Jean Park MNZM JP
NZCS, BPWFellow, Past President BPW NZ
Welcomes all women, Works for all Women
Membership: 1988 to present
President: 1995 to 1998 and 2008
Daphne Chapman National Award
Fellow of BPW NZ
BPW International Medal: Beyond 2000, Helping Women to Help Themselves
BPW NZ Federation
Second Vice President: 1997 to 1998
First Vice President: 1999 to 2000
National President: 2001 to 2003
Professional & Personal Insight:
Highlights of her career includes:
- Teaching Chemistry and Mathematics at Otago Polytechnic, to pre-employment students department and on to the
technical area at Psychological Medicine at the University of Otago.
- Worked with unemployed youth at Arai Te Uru Marae, training in conflict resolution in a variety of disciplines
- Appointed Disputes Tribunal Referee, being a mentor, sat on selection panels, became President of NZ Association
- Member/Convenor sat on NZ Medical Complaints, assessment committees and similarly do so now for psychologists
- Now is appointed to numerous boards and committees as an independent lay member or community representative
addressing mainly issues of policy.
Jean Park – Her Story:
- As a member of BPW Dunedin:
Carried out two terms as President
- As a member on the National Executive:
While working as a Judicial Officer was able to visit many BPW clubs in conjunction with her work
Hold executive meetings and regional meetings adjacent to each other to strengthen the contact with members.
Being in Wellington regularly enabled meetings with various Ministries, Commissions and national bodies
enhancing personal links, addressing issues and raising BPW’s profile as a reputable and knowledgeable
Maintained links with UNESCO and UNIFEM strengthening the relationship through working together on related
BPW Southland was established and Jean Park attended their first meeting and welcomed them into the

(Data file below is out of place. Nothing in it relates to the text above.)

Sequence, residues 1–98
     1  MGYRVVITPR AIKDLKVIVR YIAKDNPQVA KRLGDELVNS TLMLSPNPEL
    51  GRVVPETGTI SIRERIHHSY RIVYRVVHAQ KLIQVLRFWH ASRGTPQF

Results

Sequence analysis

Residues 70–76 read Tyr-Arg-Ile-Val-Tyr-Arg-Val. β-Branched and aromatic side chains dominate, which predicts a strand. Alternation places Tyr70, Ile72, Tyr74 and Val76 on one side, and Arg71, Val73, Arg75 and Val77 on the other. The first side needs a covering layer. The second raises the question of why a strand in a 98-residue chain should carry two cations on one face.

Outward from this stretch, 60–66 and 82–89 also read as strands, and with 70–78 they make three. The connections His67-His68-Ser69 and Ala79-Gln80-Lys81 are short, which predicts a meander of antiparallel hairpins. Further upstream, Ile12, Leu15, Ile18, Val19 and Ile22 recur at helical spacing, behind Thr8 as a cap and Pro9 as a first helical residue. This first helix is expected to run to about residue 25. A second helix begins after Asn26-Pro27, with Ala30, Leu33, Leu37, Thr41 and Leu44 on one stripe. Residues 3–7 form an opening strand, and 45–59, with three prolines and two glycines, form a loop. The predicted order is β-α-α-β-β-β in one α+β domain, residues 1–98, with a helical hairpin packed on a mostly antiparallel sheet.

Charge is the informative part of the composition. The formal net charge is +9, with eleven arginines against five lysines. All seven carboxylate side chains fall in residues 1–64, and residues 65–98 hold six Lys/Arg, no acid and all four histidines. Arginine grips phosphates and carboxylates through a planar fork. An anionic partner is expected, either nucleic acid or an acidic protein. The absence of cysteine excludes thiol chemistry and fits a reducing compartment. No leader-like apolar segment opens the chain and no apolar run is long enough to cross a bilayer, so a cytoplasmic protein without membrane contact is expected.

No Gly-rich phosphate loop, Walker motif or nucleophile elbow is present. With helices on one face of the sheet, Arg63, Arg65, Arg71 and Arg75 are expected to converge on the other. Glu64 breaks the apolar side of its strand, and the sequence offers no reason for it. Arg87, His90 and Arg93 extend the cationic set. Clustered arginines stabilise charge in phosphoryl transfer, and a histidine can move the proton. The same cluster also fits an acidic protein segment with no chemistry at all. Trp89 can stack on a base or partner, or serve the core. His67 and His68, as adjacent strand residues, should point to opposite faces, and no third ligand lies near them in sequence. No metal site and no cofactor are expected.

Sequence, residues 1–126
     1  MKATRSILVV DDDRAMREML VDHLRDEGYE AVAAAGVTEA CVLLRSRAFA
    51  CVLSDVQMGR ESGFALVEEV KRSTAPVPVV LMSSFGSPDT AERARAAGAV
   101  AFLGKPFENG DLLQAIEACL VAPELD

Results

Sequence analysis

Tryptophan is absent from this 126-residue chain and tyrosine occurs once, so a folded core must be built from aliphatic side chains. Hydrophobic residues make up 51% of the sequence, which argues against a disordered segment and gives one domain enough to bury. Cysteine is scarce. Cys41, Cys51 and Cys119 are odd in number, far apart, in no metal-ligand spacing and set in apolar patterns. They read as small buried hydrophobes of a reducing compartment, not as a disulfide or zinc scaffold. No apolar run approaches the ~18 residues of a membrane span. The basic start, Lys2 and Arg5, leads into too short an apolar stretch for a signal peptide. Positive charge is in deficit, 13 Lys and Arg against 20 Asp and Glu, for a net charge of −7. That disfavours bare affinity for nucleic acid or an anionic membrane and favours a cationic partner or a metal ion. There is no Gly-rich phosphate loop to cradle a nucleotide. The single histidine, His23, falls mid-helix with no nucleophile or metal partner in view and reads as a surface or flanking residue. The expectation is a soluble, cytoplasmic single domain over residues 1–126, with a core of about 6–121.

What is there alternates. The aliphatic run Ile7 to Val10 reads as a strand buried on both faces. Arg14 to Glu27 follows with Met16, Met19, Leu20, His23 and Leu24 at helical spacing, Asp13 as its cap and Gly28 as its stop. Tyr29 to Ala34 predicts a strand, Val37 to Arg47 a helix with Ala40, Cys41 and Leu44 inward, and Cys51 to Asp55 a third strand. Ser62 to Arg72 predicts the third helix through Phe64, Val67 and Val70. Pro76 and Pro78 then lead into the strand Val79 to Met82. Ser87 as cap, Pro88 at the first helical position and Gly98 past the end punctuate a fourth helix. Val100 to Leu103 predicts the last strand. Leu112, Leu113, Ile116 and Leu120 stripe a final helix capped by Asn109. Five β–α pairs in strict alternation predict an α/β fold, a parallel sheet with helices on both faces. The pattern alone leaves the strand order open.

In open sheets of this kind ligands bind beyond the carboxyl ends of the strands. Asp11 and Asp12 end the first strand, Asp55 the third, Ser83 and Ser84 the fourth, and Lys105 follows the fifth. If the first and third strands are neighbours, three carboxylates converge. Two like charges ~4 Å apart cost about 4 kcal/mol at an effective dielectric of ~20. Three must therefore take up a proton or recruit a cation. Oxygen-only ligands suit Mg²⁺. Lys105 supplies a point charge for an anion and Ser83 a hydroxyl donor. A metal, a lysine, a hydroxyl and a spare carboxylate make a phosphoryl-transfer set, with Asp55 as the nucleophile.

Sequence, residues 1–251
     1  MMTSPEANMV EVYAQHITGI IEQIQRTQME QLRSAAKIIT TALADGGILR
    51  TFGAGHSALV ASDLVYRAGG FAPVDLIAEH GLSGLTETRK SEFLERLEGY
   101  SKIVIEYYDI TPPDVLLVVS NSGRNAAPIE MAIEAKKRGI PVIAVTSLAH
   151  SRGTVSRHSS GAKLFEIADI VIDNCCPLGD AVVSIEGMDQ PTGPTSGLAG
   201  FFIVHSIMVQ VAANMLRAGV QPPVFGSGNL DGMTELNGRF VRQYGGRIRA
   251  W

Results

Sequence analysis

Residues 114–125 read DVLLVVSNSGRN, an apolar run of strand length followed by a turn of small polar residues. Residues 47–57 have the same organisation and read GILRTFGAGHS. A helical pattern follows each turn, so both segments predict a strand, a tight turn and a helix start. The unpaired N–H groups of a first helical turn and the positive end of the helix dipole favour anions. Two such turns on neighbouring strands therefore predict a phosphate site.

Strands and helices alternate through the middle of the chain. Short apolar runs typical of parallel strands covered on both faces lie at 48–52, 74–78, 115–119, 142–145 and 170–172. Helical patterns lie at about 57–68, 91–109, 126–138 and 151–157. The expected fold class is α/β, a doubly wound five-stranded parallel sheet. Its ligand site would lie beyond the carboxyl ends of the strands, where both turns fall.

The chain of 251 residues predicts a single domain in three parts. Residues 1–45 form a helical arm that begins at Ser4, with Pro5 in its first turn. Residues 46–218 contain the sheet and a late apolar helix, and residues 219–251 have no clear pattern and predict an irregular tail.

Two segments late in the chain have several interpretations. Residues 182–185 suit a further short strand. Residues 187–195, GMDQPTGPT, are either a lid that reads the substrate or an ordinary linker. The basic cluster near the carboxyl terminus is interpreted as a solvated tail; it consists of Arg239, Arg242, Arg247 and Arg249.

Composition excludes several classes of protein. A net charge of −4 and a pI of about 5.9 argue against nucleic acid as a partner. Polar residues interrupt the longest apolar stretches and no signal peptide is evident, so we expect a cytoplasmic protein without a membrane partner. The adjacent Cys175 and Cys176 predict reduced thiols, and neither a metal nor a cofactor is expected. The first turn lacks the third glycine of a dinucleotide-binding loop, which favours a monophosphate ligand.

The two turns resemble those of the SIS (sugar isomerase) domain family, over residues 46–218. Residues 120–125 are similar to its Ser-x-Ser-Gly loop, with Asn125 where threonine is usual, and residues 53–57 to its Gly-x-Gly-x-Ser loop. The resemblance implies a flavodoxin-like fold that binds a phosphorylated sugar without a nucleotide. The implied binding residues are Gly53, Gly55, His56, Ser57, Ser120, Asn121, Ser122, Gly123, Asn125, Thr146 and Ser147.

- Key Projects:
Literacy and its relationship to legal rights was the focus of many clubs’ work following the conference in 2002
Auckland Conference, 2003 following the International theme of “A World of Peace”, to provide a forum to explore the economic, social and cultural diversity of the women in New Zealand, and to develop projects to advance the integration of migrant women into New Zealand society.
- Key Issues:
Nomination of women as Justices of the Peace, for New Zealand Honours and board members
The Courts Reviews
The Ministry of Women’s Affairs Action Plan
Family Friendly Workplaces
Highly successful lobbying to retain court services in areas listed for closure
Prostitution law reform
Paid Parental Leave
- International representation:
First venture to international conferences was as a Delegate to the United Nations World Conference for Women held in Beijing (1995). This conference:
¨ provided experience and contacts and was the basis for Jean’s ongoing work in conflict resolution
¨ the need for legal literacy and to nominate women for decision-making positions left a lasting impression
Alternate Delegate to BPW International’s Triennial Congress in Vancouver (1999)
¨ responsible for the successful resolution of a diplomatic crisis between member countries with the potential to create ongoing international governmental difficulties liaising with the Prime Ministers
¨ guest presenter at three of the workshops presented by international speakers
BPW International Triennial Congress Melbourne (2002) leader of the New Zealand Delegation
Was awarded the BPW International Medal: Beyond 2000, Helping Women to Help Themselves, for her national two year project on prevention of sexual harassment in the workplace
BPW Australia Conference Melbourne (2002) leader of the New Zealand Delegation
Became a member of the BPW International Culture and Peace Taskforce (2002)
BPW NZ NGO Delegate (2004) then appointed as an Official Member of the Governmental Delegation attending the United Nations 48th Convention on the Status of Women held in New York, focus the role of women in conflict.
Jean Park finishes with:
”I feel strongly that BPW makes a significant contribution to the lives of women, though lobbying and by offering professional development opportunities within our aims to members in a positive, supportive and enjoyable environment.
I am passionate about BPW, the friendships that are made and the support and networks that are formed to enhance women’s lives.
It has provided me with opportunities and experiences that I never dreamed of, and given me international friendships which will sustain me all of my life.”
Kia Kaha Tuahine Kia Kaha – Sisters be Strong.